But what about this other family? I’d known from earliest times I was adopted, and it didn’t matter. In dad’s last year, he tossed an envelope of papers onto my bed “here are your adoption papers”. There in great detail on yellow legal paper were handwritten descriptions of both my adoptive family and my birth family. I let it sit for quite a while, dabbling on the net seeking some of them. I think I found Uncle Don but later learned from my mom he was already dead. Finally, on Memorial Day week ’09, I took the packet to a local private investigator I’d picked out of the phonebook. Boy, did I get results. Within 2 days I was on the phone to my birth mom and my birth dad. Both were affable sorts, and we made plans to meet up. Mom’s was more dramatic, as my wife Kathy rented a plane and flew to Canadian Lakes airstrip, near Mom’s house. Mom pulled up in a red sports car with the top down, so we both made an entrance.
For Dad it took a train to Toronto, a trip to a Blue Jays game, and of course dinner at one of his favorite restaurants. I made up a tryptych to see about family resemblances. I guess I have his nose. I hope I have her eyes.
Let me introduce you. First the Speis. Here are Dad and the kids outside of one of their northern Michigan haunts ~summer ’07.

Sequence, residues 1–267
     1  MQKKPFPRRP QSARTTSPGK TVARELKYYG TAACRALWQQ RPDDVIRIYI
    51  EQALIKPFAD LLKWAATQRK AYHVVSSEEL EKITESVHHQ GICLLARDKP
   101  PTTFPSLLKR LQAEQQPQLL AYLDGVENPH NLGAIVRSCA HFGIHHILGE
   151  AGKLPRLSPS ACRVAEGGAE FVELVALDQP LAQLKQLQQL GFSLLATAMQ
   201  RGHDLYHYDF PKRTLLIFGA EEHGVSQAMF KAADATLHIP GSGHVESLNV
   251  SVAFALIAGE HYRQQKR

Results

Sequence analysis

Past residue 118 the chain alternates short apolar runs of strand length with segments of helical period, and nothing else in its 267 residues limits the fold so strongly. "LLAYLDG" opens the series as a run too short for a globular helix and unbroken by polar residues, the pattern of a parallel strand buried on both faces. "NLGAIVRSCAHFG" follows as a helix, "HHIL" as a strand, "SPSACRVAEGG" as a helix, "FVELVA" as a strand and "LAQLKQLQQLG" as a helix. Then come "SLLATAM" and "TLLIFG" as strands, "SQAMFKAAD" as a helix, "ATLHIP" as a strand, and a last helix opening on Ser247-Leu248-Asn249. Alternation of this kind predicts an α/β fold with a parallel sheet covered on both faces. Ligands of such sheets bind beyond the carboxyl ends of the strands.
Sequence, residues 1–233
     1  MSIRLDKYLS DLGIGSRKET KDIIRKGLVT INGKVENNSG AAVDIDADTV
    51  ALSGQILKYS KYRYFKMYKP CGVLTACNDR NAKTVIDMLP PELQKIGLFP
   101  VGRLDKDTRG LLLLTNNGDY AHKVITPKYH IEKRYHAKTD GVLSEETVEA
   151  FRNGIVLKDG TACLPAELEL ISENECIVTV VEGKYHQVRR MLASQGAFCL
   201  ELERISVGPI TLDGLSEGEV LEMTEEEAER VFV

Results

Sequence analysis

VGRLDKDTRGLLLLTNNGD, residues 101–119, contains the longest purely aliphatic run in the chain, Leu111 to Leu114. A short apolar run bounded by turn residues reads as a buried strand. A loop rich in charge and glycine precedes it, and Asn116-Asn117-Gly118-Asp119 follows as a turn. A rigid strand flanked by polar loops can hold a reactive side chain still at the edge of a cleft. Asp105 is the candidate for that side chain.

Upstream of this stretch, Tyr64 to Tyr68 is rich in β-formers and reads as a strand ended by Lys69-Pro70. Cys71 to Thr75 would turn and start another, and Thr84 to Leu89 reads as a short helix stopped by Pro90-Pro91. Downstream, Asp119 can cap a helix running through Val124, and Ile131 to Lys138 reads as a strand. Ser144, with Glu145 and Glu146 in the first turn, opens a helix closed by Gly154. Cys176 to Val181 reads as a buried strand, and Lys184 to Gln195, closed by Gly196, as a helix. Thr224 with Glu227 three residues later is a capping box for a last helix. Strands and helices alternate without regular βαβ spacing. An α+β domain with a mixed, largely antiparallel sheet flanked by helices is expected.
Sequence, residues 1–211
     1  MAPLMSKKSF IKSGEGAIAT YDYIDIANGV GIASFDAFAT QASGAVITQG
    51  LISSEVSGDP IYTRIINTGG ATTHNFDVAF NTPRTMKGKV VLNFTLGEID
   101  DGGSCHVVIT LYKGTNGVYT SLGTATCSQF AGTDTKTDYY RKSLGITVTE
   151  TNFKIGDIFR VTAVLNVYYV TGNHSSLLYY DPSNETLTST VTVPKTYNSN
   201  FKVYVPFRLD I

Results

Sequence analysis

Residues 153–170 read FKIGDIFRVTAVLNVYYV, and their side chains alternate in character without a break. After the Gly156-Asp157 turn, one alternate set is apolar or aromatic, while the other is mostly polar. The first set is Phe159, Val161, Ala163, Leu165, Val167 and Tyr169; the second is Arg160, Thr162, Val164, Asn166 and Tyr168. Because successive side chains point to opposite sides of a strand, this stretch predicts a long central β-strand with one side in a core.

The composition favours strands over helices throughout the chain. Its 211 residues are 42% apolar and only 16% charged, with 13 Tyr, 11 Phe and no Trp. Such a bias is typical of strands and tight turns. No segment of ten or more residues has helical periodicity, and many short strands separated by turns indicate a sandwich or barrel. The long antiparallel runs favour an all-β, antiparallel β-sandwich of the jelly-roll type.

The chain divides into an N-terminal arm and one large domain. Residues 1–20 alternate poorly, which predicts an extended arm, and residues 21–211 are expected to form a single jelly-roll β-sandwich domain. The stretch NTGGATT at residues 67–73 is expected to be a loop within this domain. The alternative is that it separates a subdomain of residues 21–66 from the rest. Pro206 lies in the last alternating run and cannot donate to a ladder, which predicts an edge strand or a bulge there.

Of course, I’m not in there. Going across, there’s Marty, the artist. (https://martinspei.com/). Much of his work is based on figures that look suspiciously like Dad. Elise, the sweetheart, died 2 summers ago of non-smoker’s lung cancer. Her husband, Dan, is president of the Detroit area Parrotheads, so he’s still fun. Then comes Cari, who lives in her plain clothes in upstate New York where she and husband Dan founded a very successful natural supplements business, now run by their son Tom in Kidron Ohio (https://natureswarehouse.net/). Then Suzanne, the eldest girl, who settled in Hudson, near Cedar Point. She and husband Mike made a killing in Northern Ohio telecommunications. They’re both avid hunters. Then there’s Nick. He came 11 months after me, so Dad wasted no time. Nick owns and operates his own truck, as does his oldest son Jake. He’s a hunter and gun aficionado, who says he’d help me get an AK-47 if I wanted. He had COVID earlier this year and came out clean, no hospital. Last there’s my baby sister Jazz (Jasmine), daughter of Dick’s 3rd (Chinese) wife, Grace. Jazz has a law degree from McGill and works in the entertainment industry.
Then there’s Mom’s side. See this pic of us in the thumb ~’15 to get our characters straight.
That’s John, MSU law now a wheeler dealer and Scientenologist, Di is a CPA working for the state and also volunteer coach of the MSU women’s rowing team (she was an Olympic caliber rower screwed by Carter’s withdrawal from the ’80 Olympics), me (of course), Jolene (a pharmacist, next eldest after me), then Mom and Ian, John’s son, now 6’2″. He’s an avid Wolverine fan, much to the chagrin of his Spartan dad, an inclination Kathy and I do our best to nurture. Missing is baby sister Amy, who basically lived as a ski bum in CO till her mate of many years dropped dead. Here’s a pic of all of us last October as we celebrated Mom’s annual escape to Mazatlán Mexico for the winter.
Amy’s moved back, gotten certification as a surveyor at Ferris, and now has her own place in Grand Rapids. In the a pic of all of us celebrating her push off last October – rough babes, eh? – Amy is the one in the middle with the Ireland sweatshirt.
There you have my family, such as it is. I’m happy to have a couple of those. More Ike the lucky dog https://www.youtube.com/watch?v=2LJLIgIv0NM